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Date Posted: 00:42:05 12/11/11 Sun
>>I spent my first 9 years in Wes's state of Michigan,
>>north of Bradford a ways. It was all party lines
>>(that I was aware of), and a wall phone, but we didn't
>>have the crank on the side of the phone. To call
>>someone we picked up the handset, and an operator
>>would ask "Number plea-uhz". Our phone number then
>>was 953. The phone number of Jack, my best friend at
>>the time, was 188J. I don't remember any others. I
>>consider myself lucky I remember those! Oh, yeah, I
>>remember my parents being POed that it was a toll call
>>to Muskegon 30+ miles away from our house, though the
>>operator who answered was in Muskegon! We could call
>>our town free for the basic charge. We moved to the
>>big city (in Illinois - meaning the "biggest city"
>>then) shortly after that, and it was TR7 and SP7
>>prefixes, all dial, no touch tones yet (or for a long
>Let's see, our first phone number was 108 - meaning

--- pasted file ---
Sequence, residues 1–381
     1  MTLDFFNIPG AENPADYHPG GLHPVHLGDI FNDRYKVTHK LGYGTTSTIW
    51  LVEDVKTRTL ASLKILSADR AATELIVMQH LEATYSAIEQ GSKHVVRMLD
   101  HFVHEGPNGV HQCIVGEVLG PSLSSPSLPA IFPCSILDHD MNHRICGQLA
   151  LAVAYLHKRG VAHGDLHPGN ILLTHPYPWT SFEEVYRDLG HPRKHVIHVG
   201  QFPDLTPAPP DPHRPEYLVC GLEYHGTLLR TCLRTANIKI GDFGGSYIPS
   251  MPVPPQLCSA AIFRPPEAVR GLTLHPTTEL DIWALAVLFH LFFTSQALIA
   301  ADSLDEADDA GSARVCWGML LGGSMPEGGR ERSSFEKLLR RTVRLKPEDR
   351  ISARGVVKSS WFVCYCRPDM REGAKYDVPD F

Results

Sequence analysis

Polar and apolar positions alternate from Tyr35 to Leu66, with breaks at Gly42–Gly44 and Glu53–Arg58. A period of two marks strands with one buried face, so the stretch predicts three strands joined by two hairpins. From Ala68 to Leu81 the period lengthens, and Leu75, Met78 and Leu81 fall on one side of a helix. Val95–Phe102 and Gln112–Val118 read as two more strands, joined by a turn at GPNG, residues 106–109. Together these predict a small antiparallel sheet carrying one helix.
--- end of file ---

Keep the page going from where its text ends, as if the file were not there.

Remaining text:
>we were on local line one, customer #8. Rita's number
>was 309, or the last # on their line. My sister and
>her hubby were number 505, but it was easier to drive
>3 miles than call them because of some teenage cousins
>who kept the phone line busy so much.
>Dial phones and underground phone lines didn't come
>into the area until the early 1960s and I'd left home
>by then, so I don't recall the new prefixes or the 7
>digit numbers of the time.
>As an aside, I still have a dial phone in my bedroom,
>but it only works for incoming calls now, so I keep a
>cellphone handy on the headboard of my bed in case of
Ummm... that doesn't sound right... a rotary phone works for incoming but not outgoing?
Assuming the phone is wired properly inside, and the dial speed is correct it should work just fine.
I had a 1959 rotary phone on my line until just recently... and it sounded better than most of the modern phones.
If you pick up the handset and wiggle the hookswitch up and down rapidly a few times does the dial tone go away?